Mr Gove also announced new powers that will allow head teachers to sack the worst-performing staff in just a term — rather than a year .
Controversial rules restricting the amount of time that heads can observe teachers in the classroom will be removed, giving schools more freedom to monitor staff.
All teachers will be assessed against rigorous new teaching standards every year and measures will be introduced to stop poor teachers being “recycled” from school to school.
Mr Gove told BBC Radio 4’s Today programme: “Nothing matters more than the quality of the time a child spends interacting with a gifted adult.
“We want to ensure those teachers who aren’t doing an effective job are, first of all, given the support to change their ways, improve and get back on track and then, if that doesn’t work — but only if it doesn’t work — then ease them out.
The proposals have been criticised by teaching unions, who believe additional monitoring measures are unnecessary.
Chris Keates, general secretary of the NASUWT, said: “It’s actually hugely demoralising for all of those hard-working and committed teachers out there who day in, day out, are delivering a high-quality service.”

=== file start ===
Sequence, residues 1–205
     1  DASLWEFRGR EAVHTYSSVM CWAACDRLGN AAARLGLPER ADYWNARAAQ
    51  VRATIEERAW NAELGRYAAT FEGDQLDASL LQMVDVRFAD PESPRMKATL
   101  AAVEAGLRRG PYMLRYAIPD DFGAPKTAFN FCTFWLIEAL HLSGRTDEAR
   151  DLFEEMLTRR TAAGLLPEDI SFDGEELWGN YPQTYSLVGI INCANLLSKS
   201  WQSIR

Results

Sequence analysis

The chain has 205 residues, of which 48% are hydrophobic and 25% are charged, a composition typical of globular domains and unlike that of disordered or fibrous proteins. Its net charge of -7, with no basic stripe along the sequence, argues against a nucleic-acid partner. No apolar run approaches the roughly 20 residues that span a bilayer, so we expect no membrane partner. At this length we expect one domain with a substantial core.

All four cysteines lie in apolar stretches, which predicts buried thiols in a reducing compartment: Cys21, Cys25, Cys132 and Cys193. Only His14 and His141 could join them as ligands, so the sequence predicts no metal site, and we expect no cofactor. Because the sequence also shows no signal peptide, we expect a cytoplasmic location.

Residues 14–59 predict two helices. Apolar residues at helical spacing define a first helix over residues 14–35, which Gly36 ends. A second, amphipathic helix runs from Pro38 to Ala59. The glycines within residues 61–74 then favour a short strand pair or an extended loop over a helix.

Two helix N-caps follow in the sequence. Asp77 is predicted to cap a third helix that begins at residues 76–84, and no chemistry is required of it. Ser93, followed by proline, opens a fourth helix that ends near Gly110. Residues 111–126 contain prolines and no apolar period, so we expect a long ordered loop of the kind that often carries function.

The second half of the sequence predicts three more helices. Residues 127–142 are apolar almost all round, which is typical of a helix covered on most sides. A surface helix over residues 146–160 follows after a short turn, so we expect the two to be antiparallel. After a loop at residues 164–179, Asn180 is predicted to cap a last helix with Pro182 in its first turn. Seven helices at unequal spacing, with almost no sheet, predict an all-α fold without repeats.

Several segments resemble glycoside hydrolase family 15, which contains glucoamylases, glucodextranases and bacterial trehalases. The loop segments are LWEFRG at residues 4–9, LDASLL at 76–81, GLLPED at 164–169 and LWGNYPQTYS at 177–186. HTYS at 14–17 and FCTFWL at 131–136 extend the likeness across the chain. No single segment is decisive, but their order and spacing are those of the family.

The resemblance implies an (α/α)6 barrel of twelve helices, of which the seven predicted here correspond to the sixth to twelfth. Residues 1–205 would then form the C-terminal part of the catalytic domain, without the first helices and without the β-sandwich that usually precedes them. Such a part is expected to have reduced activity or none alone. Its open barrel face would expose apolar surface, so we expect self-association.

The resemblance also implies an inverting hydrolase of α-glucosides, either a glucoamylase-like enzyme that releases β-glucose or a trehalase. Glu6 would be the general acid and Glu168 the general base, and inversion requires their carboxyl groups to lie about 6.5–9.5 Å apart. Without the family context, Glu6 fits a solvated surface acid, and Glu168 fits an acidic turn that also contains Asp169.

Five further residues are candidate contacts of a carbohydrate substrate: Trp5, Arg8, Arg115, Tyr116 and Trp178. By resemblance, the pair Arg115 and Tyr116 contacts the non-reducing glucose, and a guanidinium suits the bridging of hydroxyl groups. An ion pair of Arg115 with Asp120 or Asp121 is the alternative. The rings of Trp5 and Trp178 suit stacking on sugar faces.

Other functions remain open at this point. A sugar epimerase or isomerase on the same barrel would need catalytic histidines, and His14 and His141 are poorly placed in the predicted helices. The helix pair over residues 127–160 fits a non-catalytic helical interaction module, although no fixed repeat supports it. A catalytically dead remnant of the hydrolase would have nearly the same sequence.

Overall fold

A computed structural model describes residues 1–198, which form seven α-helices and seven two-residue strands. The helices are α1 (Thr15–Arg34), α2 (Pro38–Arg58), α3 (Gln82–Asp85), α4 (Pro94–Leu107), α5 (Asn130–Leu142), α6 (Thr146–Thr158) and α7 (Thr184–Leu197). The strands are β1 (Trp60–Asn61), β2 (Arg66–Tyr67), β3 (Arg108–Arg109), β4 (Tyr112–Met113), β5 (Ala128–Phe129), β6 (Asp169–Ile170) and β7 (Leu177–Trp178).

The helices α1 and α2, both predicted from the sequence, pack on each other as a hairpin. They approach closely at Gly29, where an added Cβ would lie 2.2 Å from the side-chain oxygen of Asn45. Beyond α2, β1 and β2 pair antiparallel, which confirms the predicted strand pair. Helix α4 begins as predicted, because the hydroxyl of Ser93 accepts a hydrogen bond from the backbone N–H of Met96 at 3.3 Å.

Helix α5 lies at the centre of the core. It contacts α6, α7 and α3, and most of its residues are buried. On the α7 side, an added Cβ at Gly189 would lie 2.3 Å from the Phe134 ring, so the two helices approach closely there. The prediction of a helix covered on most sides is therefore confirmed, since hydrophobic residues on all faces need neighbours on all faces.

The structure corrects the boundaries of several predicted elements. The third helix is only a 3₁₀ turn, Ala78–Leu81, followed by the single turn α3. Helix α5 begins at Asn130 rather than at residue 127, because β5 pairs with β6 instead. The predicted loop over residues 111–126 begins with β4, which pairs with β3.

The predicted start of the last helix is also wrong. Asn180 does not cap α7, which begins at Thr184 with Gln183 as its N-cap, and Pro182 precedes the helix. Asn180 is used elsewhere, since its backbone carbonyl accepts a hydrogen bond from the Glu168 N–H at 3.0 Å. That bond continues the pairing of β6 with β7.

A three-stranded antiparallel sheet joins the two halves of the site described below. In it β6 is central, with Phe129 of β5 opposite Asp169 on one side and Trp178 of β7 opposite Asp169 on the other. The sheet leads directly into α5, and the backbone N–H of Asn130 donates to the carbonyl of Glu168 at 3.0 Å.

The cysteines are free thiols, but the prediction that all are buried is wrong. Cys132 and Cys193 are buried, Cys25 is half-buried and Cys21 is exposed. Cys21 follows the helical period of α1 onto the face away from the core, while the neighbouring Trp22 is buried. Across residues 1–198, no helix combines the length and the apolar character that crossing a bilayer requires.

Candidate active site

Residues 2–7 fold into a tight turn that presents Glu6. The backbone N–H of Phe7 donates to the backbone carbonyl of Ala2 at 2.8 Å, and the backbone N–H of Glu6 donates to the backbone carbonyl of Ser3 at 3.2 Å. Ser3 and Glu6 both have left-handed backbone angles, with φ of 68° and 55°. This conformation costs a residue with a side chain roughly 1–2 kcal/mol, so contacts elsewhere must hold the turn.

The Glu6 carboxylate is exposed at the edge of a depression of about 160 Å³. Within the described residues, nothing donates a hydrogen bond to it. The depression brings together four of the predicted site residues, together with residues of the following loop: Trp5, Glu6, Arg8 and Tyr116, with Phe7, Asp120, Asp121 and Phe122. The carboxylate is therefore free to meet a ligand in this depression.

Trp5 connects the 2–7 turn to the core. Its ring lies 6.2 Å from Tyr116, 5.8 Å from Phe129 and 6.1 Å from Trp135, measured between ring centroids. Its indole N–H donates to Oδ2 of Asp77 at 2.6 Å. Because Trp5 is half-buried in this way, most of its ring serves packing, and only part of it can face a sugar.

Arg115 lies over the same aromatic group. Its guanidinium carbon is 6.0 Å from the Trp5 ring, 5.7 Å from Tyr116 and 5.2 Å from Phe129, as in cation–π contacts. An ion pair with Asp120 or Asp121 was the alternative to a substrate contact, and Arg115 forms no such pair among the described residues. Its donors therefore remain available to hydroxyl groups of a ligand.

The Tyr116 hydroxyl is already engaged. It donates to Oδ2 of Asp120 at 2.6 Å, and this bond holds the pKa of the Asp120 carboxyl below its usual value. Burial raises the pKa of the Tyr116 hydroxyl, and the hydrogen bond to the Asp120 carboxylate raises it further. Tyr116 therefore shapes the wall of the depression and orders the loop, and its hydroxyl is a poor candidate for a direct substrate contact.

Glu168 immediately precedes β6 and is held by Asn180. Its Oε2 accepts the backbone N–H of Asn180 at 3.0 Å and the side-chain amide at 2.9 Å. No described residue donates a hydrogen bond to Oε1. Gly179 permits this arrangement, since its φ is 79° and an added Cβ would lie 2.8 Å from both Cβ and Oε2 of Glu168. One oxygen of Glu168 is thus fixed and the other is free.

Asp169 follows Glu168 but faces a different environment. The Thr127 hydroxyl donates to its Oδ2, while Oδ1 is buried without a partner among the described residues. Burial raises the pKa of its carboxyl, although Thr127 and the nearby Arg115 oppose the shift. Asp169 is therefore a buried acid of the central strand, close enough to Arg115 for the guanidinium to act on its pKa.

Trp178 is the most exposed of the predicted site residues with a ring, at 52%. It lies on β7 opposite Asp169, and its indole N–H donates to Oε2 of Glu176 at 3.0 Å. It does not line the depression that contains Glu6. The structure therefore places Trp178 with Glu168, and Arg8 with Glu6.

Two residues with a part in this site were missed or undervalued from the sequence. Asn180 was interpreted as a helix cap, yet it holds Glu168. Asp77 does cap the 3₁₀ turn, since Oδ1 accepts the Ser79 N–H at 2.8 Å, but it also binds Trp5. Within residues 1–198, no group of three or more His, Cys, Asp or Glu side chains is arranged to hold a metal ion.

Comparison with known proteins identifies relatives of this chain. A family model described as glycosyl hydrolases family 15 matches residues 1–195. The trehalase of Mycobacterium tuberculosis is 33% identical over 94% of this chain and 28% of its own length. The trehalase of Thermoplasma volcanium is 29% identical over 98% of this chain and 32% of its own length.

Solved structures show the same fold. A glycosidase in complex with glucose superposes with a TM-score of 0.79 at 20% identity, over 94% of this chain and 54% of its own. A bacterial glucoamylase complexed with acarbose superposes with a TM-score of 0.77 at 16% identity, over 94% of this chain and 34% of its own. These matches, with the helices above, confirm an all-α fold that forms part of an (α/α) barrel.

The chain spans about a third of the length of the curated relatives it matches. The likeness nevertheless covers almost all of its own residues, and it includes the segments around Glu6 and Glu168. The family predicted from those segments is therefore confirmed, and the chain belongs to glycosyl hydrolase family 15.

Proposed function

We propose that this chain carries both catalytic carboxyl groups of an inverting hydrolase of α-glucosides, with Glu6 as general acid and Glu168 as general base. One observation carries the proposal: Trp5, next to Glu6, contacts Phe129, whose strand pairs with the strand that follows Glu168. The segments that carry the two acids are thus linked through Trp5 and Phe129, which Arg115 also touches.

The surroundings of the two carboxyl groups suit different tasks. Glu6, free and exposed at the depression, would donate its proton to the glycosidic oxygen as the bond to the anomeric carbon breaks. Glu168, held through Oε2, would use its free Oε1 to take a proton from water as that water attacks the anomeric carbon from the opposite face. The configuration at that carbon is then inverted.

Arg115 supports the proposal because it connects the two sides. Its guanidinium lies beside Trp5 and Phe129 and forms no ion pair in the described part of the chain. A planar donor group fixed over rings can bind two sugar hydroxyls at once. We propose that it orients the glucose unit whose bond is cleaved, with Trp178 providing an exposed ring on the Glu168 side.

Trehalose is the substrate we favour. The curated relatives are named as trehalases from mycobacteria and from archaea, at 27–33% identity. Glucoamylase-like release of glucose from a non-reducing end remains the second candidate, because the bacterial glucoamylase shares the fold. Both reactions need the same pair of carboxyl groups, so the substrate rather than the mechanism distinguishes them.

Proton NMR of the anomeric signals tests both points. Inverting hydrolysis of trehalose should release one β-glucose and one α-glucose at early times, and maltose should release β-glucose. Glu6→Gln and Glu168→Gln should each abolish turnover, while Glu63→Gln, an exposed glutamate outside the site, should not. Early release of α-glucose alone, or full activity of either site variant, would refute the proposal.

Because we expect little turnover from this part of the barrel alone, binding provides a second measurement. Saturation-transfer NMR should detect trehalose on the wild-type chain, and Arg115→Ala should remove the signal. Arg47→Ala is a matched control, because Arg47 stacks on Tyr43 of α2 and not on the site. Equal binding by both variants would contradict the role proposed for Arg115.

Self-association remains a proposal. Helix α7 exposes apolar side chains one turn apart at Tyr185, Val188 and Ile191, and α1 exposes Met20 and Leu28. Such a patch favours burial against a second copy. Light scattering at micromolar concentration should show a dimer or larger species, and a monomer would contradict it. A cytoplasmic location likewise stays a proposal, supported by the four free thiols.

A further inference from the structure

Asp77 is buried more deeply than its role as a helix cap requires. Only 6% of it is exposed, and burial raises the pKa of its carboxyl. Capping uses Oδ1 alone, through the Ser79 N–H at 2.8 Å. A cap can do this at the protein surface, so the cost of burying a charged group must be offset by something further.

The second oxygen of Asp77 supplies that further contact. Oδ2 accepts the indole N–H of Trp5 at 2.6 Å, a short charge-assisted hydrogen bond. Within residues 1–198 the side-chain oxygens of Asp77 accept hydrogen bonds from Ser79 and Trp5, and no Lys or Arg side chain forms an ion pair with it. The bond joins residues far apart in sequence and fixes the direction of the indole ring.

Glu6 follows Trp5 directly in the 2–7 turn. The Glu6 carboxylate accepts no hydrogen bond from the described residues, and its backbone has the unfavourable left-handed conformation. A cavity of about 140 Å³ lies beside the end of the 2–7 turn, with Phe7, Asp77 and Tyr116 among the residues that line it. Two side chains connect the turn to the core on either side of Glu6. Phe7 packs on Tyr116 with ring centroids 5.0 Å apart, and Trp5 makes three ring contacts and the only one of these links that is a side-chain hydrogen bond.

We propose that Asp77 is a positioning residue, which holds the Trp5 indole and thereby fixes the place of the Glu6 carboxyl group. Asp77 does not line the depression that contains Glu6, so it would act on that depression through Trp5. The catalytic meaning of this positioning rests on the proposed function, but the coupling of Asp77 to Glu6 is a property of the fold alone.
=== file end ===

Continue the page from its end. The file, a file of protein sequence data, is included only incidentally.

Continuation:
She accused Mr Gove of “manipulating information and being selective with evidence”.

La Formación en Régimen Nocturno

September 4, 2011

LA FORMACIÓN EN RÉGIMEN NOCTURNO

La supervivencia de la enseñanza en régimen nocturno en los Institutos de Enseñanza, clases entre las 17:15 y las 23:00, ha tenido la espada de Damocles sobre su perdurabilidad desde hace muchos Ministros de Educación y otros tantos Consejeros Autónomos. In illo témpore decisiones tomadas en despachos ajenos a las aulas han hecho peligrar su existencia. En los despachos los números mandan. En las aulas los docentes luchan por revertir un proceso que empezó hace muchos años desanimando a jóvenes cuya autoestima, circunstancias personales y sociales no son idóneas. Mucho se ha hablado de la Enseñanza Secundaria Obligatoria, mucho se trabaja en mejorar  las condiciones de sus docentes y docendos. Pero los profesores que imparten sus clases en el régimen nocturno han sido silenciosos, este silencio hace que la  necesidad de su labor si no pasa desapercibida aparece desdibujada en los intereses generales de educación.